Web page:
Now that the technique has become very popular, there are dozens of ways to implement it. In my case, I found the 25 minutes pomodoros too short, so I use 50 minutes pomodoros, with 10 minutes rests and 1-hour long break after 4 pomodoros.

This approach allows you to work for 50 minutes straight, moving a little and stretching your legs while maybe returning some calls during the 10 minutes of rest. Once you’ve done 4 pomodoros, you have 1 hour of rest—perfect to have a relaxed lunch and then start a new string of 4 pomodoros.

For some creative tasks, I’ve found that doing two consecutive 50-minute pomodoros without resting in between is even more productive, because just when the first pomodoro has finished, you are in the perfect zone, and stopping would mean losing focus.

You can adapt this technique in a way that best suits your needs. And, when you have several tasks to do that will take less time than a pomodoro, you can just group them together. When you divide your day this way, it is very easy to establish daily goals (for example, 10 pomodoros of 50 minutes every day), and measure your productivity during the week and month.

Of course, when you are working with clients in the studio, this schedule can be more difficult to follow, but don’t be afraid to suggest it if you feel it’s appropriate. Some of my clients have loved the pomodoro technique so much that they’ve gotten hooked themselves!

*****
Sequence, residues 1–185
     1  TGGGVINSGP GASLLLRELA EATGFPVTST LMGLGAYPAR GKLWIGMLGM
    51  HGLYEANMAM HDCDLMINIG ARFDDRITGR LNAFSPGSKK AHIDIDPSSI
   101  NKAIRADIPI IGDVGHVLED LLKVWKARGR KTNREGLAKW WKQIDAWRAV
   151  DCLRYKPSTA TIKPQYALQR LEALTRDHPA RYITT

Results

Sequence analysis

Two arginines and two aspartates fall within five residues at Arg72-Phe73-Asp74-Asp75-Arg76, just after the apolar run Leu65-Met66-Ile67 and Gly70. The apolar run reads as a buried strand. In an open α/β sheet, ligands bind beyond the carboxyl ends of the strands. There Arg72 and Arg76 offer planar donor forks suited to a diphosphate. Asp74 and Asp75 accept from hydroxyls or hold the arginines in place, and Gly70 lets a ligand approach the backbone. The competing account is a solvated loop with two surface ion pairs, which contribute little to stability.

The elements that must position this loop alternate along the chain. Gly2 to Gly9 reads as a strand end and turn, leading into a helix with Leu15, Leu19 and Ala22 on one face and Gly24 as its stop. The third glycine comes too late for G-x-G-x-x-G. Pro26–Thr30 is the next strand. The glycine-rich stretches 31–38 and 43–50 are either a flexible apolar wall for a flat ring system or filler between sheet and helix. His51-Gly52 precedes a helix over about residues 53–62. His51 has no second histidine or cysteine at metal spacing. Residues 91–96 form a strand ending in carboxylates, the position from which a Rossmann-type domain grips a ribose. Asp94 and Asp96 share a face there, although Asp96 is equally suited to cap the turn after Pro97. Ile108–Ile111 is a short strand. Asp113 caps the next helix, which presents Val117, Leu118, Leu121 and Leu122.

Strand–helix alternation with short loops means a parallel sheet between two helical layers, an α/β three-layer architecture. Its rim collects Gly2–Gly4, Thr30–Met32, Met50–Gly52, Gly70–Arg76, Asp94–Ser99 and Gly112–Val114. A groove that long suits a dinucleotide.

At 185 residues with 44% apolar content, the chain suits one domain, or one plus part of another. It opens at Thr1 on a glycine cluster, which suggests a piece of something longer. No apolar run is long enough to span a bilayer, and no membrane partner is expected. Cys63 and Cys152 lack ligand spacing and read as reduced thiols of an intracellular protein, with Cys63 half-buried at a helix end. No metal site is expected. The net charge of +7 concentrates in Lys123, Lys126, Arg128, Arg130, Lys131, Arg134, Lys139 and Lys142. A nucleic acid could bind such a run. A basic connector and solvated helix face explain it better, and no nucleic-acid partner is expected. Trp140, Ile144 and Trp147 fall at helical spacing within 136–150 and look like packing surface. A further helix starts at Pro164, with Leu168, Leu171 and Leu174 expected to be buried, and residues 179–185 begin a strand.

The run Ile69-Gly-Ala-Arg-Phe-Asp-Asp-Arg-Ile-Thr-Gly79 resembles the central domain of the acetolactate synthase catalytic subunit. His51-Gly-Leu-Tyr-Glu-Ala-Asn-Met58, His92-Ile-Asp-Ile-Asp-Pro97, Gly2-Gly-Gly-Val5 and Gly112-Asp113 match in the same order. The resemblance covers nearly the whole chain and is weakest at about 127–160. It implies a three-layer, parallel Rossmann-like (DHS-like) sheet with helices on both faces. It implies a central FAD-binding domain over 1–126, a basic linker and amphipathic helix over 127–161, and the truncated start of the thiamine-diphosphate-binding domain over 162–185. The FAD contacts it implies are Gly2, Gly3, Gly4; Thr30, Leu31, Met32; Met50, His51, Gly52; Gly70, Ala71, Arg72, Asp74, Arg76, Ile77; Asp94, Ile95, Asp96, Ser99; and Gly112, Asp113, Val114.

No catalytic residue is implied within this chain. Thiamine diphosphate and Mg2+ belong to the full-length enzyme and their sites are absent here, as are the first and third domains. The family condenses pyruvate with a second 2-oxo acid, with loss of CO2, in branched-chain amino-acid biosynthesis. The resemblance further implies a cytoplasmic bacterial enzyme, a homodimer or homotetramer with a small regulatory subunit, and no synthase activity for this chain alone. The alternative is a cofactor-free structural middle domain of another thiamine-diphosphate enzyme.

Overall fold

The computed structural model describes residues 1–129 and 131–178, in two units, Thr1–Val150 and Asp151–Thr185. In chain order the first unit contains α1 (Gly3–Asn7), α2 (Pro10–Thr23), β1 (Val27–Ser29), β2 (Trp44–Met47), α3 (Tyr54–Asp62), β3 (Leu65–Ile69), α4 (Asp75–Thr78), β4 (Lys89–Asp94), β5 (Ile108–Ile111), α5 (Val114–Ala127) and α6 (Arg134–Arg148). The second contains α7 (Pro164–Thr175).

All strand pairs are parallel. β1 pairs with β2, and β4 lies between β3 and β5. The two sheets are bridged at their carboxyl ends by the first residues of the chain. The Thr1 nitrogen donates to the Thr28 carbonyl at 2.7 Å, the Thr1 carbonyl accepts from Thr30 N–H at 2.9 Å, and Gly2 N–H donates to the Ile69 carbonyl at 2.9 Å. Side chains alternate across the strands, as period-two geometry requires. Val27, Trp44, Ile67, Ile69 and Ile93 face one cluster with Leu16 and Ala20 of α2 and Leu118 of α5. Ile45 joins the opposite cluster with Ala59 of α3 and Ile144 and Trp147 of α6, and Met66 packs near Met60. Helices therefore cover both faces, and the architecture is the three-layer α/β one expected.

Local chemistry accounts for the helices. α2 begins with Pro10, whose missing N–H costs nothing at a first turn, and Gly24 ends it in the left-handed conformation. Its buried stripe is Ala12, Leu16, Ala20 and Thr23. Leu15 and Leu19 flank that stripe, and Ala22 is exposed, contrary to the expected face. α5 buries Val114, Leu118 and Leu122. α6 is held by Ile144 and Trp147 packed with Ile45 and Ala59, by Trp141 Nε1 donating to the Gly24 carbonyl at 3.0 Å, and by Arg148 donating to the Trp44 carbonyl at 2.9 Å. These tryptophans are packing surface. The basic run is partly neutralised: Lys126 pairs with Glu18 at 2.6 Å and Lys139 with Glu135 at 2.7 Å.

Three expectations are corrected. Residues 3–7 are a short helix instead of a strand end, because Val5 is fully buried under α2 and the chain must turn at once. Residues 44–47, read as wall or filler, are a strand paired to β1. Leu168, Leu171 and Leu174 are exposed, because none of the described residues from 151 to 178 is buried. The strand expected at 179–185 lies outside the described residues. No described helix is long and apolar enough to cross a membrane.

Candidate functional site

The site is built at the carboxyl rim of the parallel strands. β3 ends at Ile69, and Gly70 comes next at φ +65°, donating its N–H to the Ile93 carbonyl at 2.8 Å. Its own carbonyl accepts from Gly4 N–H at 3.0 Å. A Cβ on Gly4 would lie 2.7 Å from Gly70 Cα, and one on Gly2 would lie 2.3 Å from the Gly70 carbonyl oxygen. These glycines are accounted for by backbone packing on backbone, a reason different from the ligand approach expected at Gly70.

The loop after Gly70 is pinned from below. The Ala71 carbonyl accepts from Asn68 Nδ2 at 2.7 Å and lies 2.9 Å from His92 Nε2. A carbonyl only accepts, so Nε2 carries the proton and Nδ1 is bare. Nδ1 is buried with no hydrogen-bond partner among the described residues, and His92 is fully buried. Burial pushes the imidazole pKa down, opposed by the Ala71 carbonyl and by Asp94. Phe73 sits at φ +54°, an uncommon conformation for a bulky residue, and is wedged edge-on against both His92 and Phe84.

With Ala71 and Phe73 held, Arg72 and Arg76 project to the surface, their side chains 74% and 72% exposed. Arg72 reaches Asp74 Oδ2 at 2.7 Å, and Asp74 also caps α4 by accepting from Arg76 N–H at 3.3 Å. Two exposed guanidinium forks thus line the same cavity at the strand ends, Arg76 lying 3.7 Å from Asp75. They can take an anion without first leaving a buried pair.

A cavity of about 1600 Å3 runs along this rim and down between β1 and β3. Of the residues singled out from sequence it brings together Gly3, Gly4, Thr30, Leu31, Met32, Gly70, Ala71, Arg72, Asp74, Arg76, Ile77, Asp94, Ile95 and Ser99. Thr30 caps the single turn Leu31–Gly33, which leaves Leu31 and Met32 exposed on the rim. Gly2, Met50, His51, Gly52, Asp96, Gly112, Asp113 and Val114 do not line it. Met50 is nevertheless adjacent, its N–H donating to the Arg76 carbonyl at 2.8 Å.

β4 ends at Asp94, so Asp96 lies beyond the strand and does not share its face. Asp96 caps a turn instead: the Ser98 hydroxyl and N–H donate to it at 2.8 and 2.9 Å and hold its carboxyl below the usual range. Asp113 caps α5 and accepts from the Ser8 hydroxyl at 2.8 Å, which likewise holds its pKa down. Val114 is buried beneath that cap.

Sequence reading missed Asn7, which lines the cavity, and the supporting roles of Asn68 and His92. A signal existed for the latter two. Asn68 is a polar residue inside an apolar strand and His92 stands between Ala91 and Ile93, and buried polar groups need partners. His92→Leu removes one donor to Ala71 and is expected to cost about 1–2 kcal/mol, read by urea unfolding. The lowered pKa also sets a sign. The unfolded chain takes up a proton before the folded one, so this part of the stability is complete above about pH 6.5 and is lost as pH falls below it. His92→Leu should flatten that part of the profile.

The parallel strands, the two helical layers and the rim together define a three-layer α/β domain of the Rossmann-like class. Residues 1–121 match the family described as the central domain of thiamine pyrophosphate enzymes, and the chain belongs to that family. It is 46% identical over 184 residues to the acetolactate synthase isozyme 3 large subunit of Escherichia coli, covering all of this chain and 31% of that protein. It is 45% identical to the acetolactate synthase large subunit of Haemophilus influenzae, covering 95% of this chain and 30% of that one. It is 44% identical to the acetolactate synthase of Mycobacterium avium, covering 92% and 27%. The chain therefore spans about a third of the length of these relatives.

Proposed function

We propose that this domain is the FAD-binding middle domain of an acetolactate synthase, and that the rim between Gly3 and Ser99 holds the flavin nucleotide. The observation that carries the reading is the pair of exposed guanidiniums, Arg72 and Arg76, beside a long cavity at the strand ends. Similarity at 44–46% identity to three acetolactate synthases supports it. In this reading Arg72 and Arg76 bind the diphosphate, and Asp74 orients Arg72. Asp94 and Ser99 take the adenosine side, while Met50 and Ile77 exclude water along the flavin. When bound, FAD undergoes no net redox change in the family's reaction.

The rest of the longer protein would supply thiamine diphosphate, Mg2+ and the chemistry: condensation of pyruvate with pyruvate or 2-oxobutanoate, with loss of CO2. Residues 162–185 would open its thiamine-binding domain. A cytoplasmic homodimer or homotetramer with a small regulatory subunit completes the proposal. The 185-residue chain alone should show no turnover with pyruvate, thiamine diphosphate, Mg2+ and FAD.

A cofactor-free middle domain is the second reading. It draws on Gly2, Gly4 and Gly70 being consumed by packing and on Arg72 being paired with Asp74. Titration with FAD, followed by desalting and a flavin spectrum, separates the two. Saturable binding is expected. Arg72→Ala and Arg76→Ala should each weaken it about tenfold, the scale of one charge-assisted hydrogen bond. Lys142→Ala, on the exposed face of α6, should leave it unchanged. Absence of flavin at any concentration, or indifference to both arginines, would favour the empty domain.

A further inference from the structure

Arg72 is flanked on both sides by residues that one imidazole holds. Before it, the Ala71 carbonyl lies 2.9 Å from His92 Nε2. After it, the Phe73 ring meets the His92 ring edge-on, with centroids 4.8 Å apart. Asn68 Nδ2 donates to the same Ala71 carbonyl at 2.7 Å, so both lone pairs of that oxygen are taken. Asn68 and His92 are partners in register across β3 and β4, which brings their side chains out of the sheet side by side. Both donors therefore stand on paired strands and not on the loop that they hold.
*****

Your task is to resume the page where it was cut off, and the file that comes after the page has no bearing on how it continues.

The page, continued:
There are hundreds of pomodoro apps for both Android and iOS. I am currently using Be Focused Pro because it allows personalization of the intervals, and you can create tasks and assign pomodoros to them.

The app works as a small project management tool on its own, with which you can evaluate how much effort went into different projects.

The “Be Focused Pro” app is one of many more modern takes on the Pomodoro timer.

I was in the middle of a pomodoro while writing this, but the timer has just rung. Give me 5, and I’ll be back.

3) Getting Things Done

As you can imagine, the benefits of the pomodoro technique vastly improve if you have a clear vision of what needs to be done, and when.

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1 Comment on Studio Productivity Hacks: 4 of the Most Effective Non-Audio Techniques for Turbocharging Workflow

  1. Null Static Void
    January 18, 2018 at 7:12 pm (4 weeks ago)

    none of these are ‘audio’ related. This is just general boilerplate self improvement.